The government organisations you deal with for help work on a system of power and control. So you’ve escaped a situation of power and control and then you get thrown into these systems that are just as bad. They treat you like a criminal. If you’re articulate and educated, they ask, “Why do you need help?” Well, anybody can need help. It’s horrendous.
When I finally got a public housing property, I could start building my life back up again. I was on a priority list because I have a degenerative spinal disease.
I now work as a consultant in domestic violence, homelessness and disability. I’m trying to change the system from the inside out. I wish governments would understand the reality of people’s lives. No-one chooses to be homeless, I can tell you that.
Lauren De Groot
The 27-year-old single mother from Lismore, New South Wales, first became homeless after leaving an unhappy domestic situation. Lauren, who has a bachelor of social work, and her daughter, Freya, three, were previously left homeless after her house burnt down in an accidental fire last year. The pair slept on friends’ couches until Lauren found an apartment in the Lismore CBD, just before the floods hit.
As a single mum it’s hard to get a rental. A single income is not taken well and it’s also hard to save money for a bond. At that time, I was reliant on Centrelink, and landlords often make negative assumptions about single mums on benefits.
I eventually found an apartment above a shop in the Lismore CBD. Then I found work as a disability support worker. It was nice to have a home and I had plans to send my daughter to the local school. When the flood hit, I spent hours calling the SES, calling the police. Eventually the SES said, “Sorry, we can’t come.” Then they said, “Good luck.” Which felt awful.
It was agonising waiting as the water rose in our flat. We were panicking. Freya was terrified. I kept putting her higher and higher on things. I rang my mum, saying, “We’re going to die, I love you.” I thought we were going to get swept away. I remember asking my mum, “Do you think I should drown her first so she doesn’t suffer?”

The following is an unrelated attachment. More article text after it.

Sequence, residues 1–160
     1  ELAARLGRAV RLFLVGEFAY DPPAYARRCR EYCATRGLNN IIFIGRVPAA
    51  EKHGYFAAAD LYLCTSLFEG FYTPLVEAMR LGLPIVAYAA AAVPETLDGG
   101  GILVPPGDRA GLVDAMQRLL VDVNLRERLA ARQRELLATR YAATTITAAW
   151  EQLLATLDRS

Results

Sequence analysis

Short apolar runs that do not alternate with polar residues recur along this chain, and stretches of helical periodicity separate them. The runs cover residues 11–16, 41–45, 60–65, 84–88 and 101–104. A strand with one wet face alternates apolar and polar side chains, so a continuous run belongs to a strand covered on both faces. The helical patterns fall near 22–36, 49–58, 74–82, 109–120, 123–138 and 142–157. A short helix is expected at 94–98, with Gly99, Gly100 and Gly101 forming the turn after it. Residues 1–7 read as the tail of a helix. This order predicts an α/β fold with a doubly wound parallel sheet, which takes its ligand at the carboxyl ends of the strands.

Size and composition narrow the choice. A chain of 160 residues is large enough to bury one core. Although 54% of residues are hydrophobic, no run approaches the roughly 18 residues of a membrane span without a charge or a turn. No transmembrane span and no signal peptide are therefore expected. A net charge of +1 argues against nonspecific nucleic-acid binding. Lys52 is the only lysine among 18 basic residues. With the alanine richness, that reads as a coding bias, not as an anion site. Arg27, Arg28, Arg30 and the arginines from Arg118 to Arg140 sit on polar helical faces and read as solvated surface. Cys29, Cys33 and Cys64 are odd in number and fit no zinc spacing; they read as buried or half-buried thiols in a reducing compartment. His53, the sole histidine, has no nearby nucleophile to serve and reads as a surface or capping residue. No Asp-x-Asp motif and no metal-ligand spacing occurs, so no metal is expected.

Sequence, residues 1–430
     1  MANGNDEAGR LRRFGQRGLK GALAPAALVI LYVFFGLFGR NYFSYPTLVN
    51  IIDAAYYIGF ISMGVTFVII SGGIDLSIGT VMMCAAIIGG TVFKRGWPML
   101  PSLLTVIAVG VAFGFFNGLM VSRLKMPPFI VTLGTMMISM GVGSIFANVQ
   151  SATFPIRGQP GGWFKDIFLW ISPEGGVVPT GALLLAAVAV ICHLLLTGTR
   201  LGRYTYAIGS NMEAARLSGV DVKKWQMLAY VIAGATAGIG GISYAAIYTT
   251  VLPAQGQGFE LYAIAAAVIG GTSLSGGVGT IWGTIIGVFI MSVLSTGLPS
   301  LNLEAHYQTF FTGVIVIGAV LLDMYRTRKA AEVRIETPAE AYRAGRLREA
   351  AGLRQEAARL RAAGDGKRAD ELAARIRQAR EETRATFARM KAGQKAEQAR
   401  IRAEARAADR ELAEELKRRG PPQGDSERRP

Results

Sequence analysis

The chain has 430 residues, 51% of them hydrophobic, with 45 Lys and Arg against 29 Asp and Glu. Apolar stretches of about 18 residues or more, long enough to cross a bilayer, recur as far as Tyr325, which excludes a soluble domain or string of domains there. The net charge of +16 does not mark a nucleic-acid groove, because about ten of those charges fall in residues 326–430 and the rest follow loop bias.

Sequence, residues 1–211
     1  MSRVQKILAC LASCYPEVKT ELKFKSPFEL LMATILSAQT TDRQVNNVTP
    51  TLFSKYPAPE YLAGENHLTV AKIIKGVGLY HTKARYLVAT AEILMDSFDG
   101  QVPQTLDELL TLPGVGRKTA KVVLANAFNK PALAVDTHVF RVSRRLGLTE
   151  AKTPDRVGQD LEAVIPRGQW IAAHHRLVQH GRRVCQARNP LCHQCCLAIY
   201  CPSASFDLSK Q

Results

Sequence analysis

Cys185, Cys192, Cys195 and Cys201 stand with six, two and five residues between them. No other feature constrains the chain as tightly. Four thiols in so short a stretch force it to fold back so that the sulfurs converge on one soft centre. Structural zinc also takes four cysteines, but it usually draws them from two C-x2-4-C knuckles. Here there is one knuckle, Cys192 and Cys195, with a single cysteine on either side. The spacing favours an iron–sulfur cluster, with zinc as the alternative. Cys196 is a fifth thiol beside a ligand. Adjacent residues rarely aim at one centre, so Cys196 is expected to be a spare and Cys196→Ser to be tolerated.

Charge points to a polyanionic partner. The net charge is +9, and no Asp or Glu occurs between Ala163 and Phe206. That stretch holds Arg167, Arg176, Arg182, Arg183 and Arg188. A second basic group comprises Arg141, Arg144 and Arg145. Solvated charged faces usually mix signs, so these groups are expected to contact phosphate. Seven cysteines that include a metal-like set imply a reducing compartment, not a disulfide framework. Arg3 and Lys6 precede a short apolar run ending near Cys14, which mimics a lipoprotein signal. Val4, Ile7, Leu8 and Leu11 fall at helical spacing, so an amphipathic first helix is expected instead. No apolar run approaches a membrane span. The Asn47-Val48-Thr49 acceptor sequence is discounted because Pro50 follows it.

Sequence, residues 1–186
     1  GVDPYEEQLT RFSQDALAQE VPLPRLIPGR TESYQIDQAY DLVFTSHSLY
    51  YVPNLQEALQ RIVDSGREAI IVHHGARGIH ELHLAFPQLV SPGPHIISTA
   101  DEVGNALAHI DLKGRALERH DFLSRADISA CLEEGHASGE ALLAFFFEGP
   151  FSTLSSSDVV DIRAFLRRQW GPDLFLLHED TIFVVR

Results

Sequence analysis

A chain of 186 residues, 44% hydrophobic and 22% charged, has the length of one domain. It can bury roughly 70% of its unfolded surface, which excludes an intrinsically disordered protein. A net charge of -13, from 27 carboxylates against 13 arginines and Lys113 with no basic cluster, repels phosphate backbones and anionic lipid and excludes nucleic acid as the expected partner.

Eventually, my dad was able to borrow a boat and he rescued us. We stayed at my mum’s house for two days. It’s just too difficult for us to live there, or at my dad’s place.
Recent floods in northern NSW have put further pressure on housing options. Our apartment is gutted, all of our stuff is gone. So we had to couch surf with friends and do some house sitting.
I called the housing department and somehow [comedian and author] Mandy Nolan, who is the Greens candidate in our electorate, heard about my story. She messaged me saying, “I’ve got a friend who wants to give you this caravan for six months.” I couldn’t believe it.
We’ve been in the caravan for two weeks now. It’s been good that my daughter has a roof over her head, but it’s hard, too. There’s people everywhere, cars everywhere, and a noisy pub is right next door. I can’t leave her alone in the caravan to go to the park’s bathroom at night.
The government has dropped the ball in every way. They’re either completely absent or they bungle attempts to provide what looks like support. I have a caravan, but I still have to pay $700 a week rent for the campsite. The support I get is nowhere near enough.
I never imagined my life would be this way. My goal is to find somewhere for us to live that’s affordable, that’s not chewing away all of my money on rent, that’s not paying somebody else’s mortgage. I would love my daughter to have everything she needs.
How Can You Help?
There are currently 400,000 women aged 50+ at risk of becoming homeless. It’s a national crisis that continues to slip through the cracks of parliamentary recognition. To help put women’s homelessness on the agenda, Are Media is petitioning for 16,810 permanent homes to address this crisis ahead of the upcoming election. To achieve this, the women’s safety and homelessness sector has determined that $7.6 billion is required from governments over the next four years to provide long-term housing for Australian women. Help enforce our position that women’s safety is a critical issue by signing the petition at unhoused- women.com.au.
This story originally appeared in the June issue of maire claire Australia.